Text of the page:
An Argument for Always-On Red Dots
You’re sound asleep in your bed, dreaming about how you’re going to bring your brand new shake awake optic back to the range tomorrow. Earlier this afternoon, you mounted it on your EDC pistol and had it zeroed at 25 yards. Every round you fired hit dead center with your new red dot’s reticle. As far as you’re concerned, it’s a great investment. Not only is it deadly accurate but you’ll be saving your battery power with your new shake awake sight. In fact, before you turned off the lights and went to sleep, you gave it a goodnight kiss before turning it off and mounting it on your bedside rack.
The sound of a vase crashing onto your downstairs living room floor rouses you from your sleep. You don’t have a cat. Still drowsy, you reach for your bedside pistol and rack the slide.
You hear footsteps coming up the stairs and stand in the corner of the room closest to the door, you hold your weapon at the low ready, psyching yourself up to ambush whatever comes through the door. Your head is throbbing, your heart is pounding through your chest.
The door swings open and a figure in a dark hoodie bursts through your door. You have the drop on him. You raise your weapon– the dot isn’t there. For a split second, you remember that you manually turned off your red dot, rendering the shake awake useless. Before you know it, it’s game over.
Complacency is one of the problems with shake awake optics. Most modern variants with this system require that they be left on to naturally “go to sleep” after a period of motionlessness, and some new shake awake users forget that the power button is there for a reason. These people make the dangerous assumption that the optic will wake up every time they pick up their weapon. Even if a user follows the manufacturer’s instructions to the letter, the complexity of the shake awake system is just another thing that can go wrong. The shake awake can also activate on a bumpy road or if you walk down the street with your weapon in your holster, so for EDC situations, there’s little difference between it and a traditional always-on red dot.
A shooter serious about self defense knows that every second he spends fiddling with components is another second he’s wasting on not reacting to the threat. A good optic should be grab-and-go, and the simplicity and long battery life of always-on optic will ensure that your optic will be ready when you are.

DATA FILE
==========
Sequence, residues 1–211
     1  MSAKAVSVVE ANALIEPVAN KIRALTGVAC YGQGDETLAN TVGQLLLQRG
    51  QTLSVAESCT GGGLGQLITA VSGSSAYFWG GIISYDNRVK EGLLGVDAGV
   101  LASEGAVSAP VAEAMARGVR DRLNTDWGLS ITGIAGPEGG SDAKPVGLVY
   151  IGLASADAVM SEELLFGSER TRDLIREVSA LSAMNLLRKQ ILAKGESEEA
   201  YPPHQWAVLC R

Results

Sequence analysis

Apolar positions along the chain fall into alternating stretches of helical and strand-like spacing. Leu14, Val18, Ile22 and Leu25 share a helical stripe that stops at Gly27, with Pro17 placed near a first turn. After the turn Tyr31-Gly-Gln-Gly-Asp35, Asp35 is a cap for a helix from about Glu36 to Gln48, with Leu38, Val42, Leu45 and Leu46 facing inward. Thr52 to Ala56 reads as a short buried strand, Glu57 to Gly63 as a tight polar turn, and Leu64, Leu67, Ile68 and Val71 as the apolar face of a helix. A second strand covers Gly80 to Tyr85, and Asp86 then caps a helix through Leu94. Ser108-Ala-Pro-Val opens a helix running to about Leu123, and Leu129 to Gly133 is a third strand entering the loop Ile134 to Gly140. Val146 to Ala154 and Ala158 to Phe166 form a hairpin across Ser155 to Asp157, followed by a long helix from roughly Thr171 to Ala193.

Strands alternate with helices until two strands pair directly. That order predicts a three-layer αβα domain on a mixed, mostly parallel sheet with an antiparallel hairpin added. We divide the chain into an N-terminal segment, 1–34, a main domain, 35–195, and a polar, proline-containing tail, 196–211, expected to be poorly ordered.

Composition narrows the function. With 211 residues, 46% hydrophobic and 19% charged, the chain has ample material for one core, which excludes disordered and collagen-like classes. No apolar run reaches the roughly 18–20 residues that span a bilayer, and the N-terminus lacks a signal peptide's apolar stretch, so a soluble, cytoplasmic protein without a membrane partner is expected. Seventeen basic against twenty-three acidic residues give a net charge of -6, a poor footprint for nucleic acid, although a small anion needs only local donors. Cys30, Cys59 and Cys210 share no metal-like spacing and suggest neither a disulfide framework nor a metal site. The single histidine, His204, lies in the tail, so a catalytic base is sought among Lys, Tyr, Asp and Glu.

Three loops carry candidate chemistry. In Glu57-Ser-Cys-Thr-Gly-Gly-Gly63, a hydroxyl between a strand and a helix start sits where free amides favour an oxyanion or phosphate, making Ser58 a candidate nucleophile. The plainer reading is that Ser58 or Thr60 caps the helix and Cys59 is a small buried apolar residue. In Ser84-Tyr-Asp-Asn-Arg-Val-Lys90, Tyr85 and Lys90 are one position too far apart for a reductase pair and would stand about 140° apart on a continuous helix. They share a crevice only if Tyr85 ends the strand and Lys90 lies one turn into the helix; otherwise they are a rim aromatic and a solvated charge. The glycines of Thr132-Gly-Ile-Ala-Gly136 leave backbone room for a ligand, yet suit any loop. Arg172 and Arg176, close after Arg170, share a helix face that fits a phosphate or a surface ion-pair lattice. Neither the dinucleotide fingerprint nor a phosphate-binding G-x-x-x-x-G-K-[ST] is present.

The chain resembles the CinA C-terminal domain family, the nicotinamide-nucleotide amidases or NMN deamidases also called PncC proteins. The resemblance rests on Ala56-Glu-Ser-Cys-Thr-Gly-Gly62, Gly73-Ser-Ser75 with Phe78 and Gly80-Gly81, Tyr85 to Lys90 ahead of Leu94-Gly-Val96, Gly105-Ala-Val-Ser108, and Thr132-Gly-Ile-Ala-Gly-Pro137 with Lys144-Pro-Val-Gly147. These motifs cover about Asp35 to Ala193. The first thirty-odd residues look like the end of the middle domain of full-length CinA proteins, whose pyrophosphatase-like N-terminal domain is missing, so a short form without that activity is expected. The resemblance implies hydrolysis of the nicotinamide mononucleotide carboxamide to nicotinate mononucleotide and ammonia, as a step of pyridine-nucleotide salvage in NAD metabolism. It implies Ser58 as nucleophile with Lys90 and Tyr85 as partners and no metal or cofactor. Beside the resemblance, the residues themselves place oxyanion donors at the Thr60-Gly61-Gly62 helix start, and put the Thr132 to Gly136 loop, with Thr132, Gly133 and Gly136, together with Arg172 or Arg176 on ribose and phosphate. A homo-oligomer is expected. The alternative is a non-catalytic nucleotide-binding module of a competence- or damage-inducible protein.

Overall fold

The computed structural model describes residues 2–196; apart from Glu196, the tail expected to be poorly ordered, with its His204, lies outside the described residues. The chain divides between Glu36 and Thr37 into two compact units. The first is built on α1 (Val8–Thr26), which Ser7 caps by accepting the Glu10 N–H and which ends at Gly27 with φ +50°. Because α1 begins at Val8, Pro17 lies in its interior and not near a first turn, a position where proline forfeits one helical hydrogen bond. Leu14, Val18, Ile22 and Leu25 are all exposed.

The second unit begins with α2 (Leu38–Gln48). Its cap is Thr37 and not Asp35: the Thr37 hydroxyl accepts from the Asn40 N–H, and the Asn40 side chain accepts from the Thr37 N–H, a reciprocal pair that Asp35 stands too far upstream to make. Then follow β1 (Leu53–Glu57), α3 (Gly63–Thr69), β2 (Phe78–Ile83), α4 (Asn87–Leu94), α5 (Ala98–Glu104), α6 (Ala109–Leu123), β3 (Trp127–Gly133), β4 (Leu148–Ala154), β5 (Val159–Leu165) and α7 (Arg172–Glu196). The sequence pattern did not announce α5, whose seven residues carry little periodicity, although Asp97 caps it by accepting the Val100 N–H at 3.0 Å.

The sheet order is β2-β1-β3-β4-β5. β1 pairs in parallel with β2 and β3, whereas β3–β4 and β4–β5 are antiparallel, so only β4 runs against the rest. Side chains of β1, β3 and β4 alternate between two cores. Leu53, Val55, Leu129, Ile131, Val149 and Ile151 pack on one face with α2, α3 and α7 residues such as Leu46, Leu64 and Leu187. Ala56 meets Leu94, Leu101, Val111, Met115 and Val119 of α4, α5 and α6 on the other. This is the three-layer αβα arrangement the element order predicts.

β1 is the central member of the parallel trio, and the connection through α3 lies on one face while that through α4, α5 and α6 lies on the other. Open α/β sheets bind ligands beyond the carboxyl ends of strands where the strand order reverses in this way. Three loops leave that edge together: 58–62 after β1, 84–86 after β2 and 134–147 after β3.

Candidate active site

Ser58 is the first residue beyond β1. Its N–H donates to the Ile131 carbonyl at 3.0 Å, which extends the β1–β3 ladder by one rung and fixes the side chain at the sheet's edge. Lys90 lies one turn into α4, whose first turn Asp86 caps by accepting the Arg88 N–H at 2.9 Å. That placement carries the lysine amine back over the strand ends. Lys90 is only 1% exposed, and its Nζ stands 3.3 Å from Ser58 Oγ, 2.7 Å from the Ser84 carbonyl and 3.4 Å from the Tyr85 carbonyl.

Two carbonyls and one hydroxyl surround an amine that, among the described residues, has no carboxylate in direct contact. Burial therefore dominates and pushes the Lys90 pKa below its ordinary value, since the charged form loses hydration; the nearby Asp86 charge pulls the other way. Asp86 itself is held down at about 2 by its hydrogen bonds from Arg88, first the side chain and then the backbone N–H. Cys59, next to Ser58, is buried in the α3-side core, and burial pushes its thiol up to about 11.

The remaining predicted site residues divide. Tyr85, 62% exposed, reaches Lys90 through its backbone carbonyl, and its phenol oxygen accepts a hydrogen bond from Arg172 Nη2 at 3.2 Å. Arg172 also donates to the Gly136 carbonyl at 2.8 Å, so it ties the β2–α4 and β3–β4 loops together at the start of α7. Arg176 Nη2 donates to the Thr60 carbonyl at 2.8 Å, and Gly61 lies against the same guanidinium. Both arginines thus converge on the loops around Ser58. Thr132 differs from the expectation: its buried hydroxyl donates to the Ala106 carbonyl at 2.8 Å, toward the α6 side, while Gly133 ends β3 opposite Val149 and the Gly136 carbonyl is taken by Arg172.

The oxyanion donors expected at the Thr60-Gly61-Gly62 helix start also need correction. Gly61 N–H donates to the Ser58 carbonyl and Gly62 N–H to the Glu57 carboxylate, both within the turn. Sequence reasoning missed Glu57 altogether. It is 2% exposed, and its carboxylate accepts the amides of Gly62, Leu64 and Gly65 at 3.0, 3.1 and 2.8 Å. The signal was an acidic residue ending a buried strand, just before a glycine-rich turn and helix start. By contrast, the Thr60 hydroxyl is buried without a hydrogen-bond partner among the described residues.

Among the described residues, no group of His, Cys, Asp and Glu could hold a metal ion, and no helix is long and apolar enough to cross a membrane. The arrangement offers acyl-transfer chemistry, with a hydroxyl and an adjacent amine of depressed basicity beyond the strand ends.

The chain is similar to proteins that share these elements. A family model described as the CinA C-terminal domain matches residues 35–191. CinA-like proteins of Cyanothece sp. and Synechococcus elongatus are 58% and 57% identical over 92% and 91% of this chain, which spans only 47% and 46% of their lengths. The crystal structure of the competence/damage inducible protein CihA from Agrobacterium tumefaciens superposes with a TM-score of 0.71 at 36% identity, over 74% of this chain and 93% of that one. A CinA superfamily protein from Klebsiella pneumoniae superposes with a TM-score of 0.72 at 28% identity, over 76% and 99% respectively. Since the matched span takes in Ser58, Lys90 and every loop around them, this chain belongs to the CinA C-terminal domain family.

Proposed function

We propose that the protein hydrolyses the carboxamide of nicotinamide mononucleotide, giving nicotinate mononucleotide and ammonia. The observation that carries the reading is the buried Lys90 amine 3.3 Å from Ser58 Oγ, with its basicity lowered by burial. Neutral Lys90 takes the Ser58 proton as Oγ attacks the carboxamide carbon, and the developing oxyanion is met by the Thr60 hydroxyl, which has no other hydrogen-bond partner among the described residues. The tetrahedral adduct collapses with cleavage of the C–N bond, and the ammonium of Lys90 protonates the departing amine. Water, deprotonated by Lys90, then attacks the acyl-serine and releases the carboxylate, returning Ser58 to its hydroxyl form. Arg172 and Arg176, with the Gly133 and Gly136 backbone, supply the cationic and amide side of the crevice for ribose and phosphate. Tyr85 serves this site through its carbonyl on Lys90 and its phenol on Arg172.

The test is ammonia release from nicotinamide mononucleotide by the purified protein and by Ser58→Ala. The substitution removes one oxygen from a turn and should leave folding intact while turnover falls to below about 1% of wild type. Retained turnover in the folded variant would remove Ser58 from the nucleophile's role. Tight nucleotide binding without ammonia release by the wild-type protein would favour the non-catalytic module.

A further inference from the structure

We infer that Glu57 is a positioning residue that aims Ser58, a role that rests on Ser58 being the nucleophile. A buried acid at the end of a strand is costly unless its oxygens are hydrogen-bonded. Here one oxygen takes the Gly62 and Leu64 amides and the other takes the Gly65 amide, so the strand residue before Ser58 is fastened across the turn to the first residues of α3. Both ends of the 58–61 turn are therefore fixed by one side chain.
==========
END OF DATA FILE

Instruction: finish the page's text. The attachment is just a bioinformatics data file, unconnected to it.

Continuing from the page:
Shooters looking for a red dot will invariably be concerned about their optic’s battery life. Some skeptical users might judge a red dot billed as having 500 – 100,000 hours of battery life to only be reliable for a week. This would be an accurate assumption if they always kept their red dots on their highest power.
A high-intensity red dot in a dark room becomes hard to aim because of the reticle’s “splash.” A red dot on lower settings not only uses less battery power but also provides a clearer reticle. Those with astigmatism or poor eyesight may complain of blooming or split reticles on their red dot optics, but on low power the dot becomes a clear and well-defined circle.
A shooter can turn his weapon’s red dot on, adjust it to a lower setting, and leave it ready to go in his car on by his bedside for a year or more. This is especially true if the optic in question is a Mini Shot M-Spec Solar. It combines a CR1620 battery with its integrated solar panels to get 20,000 continuous hours of battery life on middle brightness. A shooter is more likely to spend more on gun oil than he would changing out his optic’s $1 battery every two years. Even in optics without solar power, the Sightmark Wolverine has a battery life of one million hours on low. In 114 years, this optic may still have battery power even after the soul of its owner has long departed the earth.
Having an always-on red dot becomes one less thing to fumble with when you have to engage targets at a moment’s notice. If battery consumption is still an issue, Sightmark’s red dots with adaptive reticles such as the Mini Shot A-Spec M3 Micro as well as the M-Spec M2 and M3 Solar models intensify or lower the brightness of their reticles based on exterior lighting. This means its high settings will only be used on the brightest of days while in the majority of cases, shooters will be using medium and low power reticles, which use less energy and provide optimal sight pictures.
Which camp do you support? Always-on or shake awake? Tell us in the comments below.